So here's to the Whitneys, now trick-or-treating with their own children; the Witch of Blackbird Pond; the spirits of Lincoln Street; the ghosts of Chelsea; the Empire Diner; and hobgoblins everywhere. Happy Halloween. Please enjoy a good apple and a Snickers bar for me.
Maura was such a dear friend. She was an amazing singer-songwriter, and I was always touched and honored when she would come to my apartment and play music with me. We shared being Irish Catholic, living in New York, having sisters, seeing the dark behind the light. I wrote a song, You’re the Sea, and Maura sang on the recording.
One summer morning Maura and I went to the Irish Hunger Memorial in lower Manhattan. There was a slight drizzle, and the fog rolling up the Hudson obscured the tallest buildings, enhancing the feeling we’d stepped out of time, out of New York. We walked through the ruins of a stone cottage, up the winding path through a field to the hilltop.
“Feels like Ireland,” she said.
“Because of the weather?” I asked.
She nodded. “And because every stone, every plant on the memorial comes from the different counties, all thirty two of them.”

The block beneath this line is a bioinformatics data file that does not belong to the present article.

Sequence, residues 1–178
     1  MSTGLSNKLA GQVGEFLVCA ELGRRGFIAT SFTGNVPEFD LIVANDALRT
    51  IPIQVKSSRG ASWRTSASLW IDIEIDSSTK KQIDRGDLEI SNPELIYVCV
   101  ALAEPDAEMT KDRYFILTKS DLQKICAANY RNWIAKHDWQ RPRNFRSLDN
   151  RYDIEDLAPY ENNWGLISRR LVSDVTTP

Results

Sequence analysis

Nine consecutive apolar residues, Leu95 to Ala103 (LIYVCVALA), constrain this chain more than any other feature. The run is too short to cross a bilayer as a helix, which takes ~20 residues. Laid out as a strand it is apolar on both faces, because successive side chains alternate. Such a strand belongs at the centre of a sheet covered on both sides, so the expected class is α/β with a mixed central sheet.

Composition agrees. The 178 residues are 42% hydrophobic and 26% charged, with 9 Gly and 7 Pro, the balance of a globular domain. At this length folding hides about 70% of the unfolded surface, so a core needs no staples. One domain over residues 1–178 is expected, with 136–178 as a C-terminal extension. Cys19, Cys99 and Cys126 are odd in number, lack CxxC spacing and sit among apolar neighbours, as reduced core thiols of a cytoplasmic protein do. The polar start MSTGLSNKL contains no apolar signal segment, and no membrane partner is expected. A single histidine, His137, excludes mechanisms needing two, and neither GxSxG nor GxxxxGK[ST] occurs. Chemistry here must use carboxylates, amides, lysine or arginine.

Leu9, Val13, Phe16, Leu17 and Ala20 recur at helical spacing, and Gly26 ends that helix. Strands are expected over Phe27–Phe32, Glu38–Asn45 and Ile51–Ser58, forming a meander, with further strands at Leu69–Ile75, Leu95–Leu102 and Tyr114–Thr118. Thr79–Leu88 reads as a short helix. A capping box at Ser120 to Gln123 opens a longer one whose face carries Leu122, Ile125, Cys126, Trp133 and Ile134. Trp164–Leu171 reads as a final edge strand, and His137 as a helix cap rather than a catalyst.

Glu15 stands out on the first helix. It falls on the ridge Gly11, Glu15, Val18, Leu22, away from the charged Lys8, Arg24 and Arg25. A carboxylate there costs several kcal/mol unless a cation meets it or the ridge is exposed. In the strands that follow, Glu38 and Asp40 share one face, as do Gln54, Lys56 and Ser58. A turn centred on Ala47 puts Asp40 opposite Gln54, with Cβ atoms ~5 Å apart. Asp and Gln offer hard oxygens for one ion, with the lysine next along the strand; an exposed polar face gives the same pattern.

She carried a certain knowledge, a bone-deep connection with that memorial. It symbolized suffering, and striving, and Maura’s love of Ireland. Maura had a heart unlike anyone I’ve ever known. She felt other people’s pain right through her skin, and it came out in her songs. She found a great songwriting partner, John Bertsche, and to hear her describe their sessions, there was something mystical at work.
Maura’s music broke your heart. She sang with such deep emotion—every song. And it was real, as if she was truly reliving the experience about which she sang. She loved fiercely, starting with her family. She spoke of her mother so often, with great devotion. I remember when she played “Our Lady of Fatima” for me, telling me she’d written it for her mother.
She loved her sisters, and her cousins, her dearest friends, her writing partner. All of that love poured into her music, yet there was often a sense of loss, or melancholy, an unspoken understanding that nothing, not even the strongest love could last forever. She grasped the truth of impermanence. Some songwriters compose around it, but Maura faced it head-on. Perhaps it was her father’s death that taught her, or perhaps it was just that Maura was an old soul.
A mutual friend says Maura had the voice of an angel. She did, but not your every-day-pious white-winged Seraphim. Her voice broke with emotion. She was an angel of the Bronx. I think of Gram Parsons and Emmylou Harris’s Grievous Angel. For Maura and her work with John, it was more like Heartstruck Angel, Devastated Angel, take your pick. Her voice was like no other, and her inspiration was earthbound. She and John wove together songs of the here and now: love, loss, betrayal, and—with into the sun—hope.
We lost her too soon.